The World Wide Fund for Nature’s Living Planet Report has revealed an average 68 percent drop in global wildlife population from 1970 to 2016. The loss of biodiversity will cause further environmental damage, impeding pollination and compromising water quality and natural flood control. Soil organism populations, which reduce greenhouse gas emissions, have also fallen.
“Nature is declining globally at rates unprecedented in millions of years”, Marco Lambertini, the organisation’s director general, wrote in the foreword to the 10 September report. Researchers monitored 20,811 vertebrate populations across 4,392 species for the Living Planet Index to determine the fall of 68 percent.
Climate change has not been the leading cause of biodiversity loss, although it soon will become so. Currently, other environmental impacts of capitalism—industrial agriculture, pollution, deep-sea mining, shipping and overfishing—are driving the decline in population sizes.
The report stresses the need for urgent action to protect the ecosystems humans depend on. Robert Watson, chair of the Intergovernmental Science-Policy Platform on Biodiversity and Ecosystem Services, writes in the first chapter that biodiversity degradation worsens conditions for those already living in poverty, threatening water quality, food security and access to medicines derived from plants.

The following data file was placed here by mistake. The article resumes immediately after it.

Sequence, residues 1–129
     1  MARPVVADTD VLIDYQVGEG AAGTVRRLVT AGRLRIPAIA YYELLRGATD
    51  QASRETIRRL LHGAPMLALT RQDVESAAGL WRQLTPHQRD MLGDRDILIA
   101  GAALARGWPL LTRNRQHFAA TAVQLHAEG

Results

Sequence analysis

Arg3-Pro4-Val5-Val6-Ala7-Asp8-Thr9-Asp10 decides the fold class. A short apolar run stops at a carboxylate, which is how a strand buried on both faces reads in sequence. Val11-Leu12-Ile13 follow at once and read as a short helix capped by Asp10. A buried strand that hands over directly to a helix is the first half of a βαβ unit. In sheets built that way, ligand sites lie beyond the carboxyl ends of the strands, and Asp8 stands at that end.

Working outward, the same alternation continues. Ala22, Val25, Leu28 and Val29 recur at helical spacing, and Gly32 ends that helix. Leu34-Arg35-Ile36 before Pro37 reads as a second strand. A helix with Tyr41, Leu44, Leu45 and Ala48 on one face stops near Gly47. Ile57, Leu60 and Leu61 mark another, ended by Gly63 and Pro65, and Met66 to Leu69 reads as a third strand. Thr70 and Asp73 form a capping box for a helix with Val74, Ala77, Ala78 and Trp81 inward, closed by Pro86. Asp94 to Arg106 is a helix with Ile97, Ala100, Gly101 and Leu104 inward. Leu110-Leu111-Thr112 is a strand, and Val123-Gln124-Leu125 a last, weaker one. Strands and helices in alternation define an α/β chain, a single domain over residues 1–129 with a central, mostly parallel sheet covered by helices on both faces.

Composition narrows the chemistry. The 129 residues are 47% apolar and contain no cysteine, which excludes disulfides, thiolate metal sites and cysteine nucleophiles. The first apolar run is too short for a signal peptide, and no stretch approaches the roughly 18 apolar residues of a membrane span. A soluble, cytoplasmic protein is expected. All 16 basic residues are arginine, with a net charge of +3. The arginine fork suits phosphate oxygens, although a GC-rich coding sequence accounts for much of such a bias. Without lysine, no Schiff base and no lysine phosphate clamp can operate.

Agriculture is indispensable for feeding the human population, yet it is also a leading cause of land degradation and climate change. Two of the reports researchers, Sarah Doornbos and Natasja Oerlemans, argue that we must transform food production for the sake of humans and the environment. The report’s Bending the Curve Initiative claims to provide the first proof that we can both reverse biodiversity loss from land use and feed the world’s growing population.
Conservation efforts can prevent the extinction of many species. But, as Lambertini says, a “deep cultural and systemic shift is urgently needed, one that so far our civilisation has failed to embrace: a transition to a society and economic system that values nature”.